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Review of Gangs Jr., a tabletop wargame designed for kids

Gangs Jr. was my first foray into playing wargame style tabletop RPgs, and it actually worked really well as an introduction for myself, in addition to being a lot of fun for my kid.  We ran a very fun water balloon fight across a map covered in blocks and toys, and loved the simplified system for getting both a newcomer and a little one into a new type of gaming.

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Gangs Jr. was mad for all ages (requires counting to 6)

Gangs Jr. is designed to be mechanically accessible to all-ages and only requires minimal counting.  The pass/fail criteria tracks the same number across all dice, and can even be simplified into coin flips for kids who are still learning to count.

The subject matter is based around a fighting-focused mechanic, but the author does list some amazing alternative suggestions.  When I played with my 3 year old, we ran a water balloon fight with the “down and out” criteria being that the character got too cold and wet to continue and needed to go get a towel to dry off.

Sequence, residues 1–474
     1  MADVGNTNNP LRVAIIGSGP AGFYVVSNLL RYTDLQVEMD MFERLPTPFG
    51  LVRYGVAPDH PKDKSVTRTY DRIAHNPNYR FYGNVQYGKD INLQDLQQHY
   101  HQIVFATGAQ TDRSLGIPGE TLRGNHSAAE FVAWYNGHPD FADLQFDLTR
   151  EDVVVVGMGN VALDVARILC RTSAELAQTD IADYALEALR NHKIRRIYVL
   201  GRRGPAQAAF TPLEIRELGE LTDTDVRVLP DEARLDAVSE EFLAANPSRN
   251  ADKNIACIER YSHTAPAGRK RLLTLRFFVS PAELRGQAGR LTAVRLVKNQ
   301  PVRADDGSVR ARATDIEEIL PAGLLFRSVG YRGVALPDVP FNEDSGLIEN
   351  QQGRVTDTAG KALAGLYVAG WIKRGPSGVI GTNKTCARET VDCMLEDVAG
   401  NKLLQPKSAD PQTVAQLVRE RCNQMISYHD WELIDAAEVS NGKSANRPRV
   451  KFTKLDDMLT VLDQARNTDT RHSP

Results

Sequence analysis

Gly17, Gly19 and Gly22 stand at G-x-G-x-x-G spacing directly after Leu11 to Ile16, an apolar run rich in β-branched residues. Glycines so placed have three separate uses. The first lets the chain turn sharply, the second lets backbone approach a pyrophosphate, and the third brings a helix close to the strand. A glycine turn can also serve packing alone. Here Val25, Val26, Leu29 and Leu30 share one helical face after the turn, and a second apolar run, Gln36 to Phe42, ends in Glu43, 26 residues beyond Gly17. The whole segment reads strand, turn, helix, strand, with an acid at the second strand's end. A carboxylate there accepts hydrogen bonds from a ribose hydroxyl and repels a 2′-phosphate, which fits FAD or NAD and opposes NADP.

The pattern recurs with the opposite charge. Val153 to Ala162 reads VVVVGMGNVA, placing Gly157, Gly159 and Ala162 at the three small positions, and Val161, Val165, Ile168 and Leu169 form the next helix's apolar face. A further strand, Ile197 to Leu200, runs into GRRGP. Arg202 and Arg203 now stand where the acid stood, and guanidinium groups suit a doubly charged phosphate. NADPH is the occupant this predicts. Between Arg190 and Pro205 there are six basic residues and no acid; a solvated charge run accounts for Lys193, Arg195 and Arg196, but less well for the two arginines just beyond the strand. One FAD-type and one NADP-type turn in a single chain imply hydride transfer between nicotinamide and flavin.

This was definitely playable with my kid, and we had a fun time working across a 3d playing field, managing cover strategies, and soaking each other’s characters!

Gangs Jr. set in a divided city but with flexible options

Gangs Jr. is set as a faction-divided war game based on Gangs of the Undercity, however, like I mentioned in the intro, we were able to use the suggestions in the game to be a friendly water balloon fight at a birthday party instead.  You can modify the setting to be anything that you want in order to tailor to your kid’s interests while still playing it out as a war-styled game.  Maybe you want to keep the original gangs theme or you can switch it up to a water balloon fight, paintball, super soakers, laser tag, etc.  The artwork and discussion is based around the original gangs theme, but it’s flexible enough to work with lots of different settings and makes good alternative recommendations.

Your fleet of characters in Gangs Jr.  

In Gangs Jr., you control multiple characters across a game field.  These characters are called gangers, and they belong to gangs or factions that you pick at the beginning of the game.  The gangers each have different ranks and strengths that you can use to strategize with as you play.  

Wargame mechanics in Gangs Jr.

Roles and Attributes

When spec-ing out your characters, you can assign them the role of either a brawler or a gunner, determining if they are going to operate primarily as a melee or ranged character.  After that, you spec the stat block with brawn, speed, melee, or ranged in order to determine their strength and speed or how many dice to roll when an attack is made.

The numbers here don’t go too high (in quick mode, the highest stat is a seven), so it was reasonable for my kid to count and be able to track the numbers.  I did help with the reading bits since my kid is only three and can’t read yet, but it was still easy to keep track of with only a few stats to look at.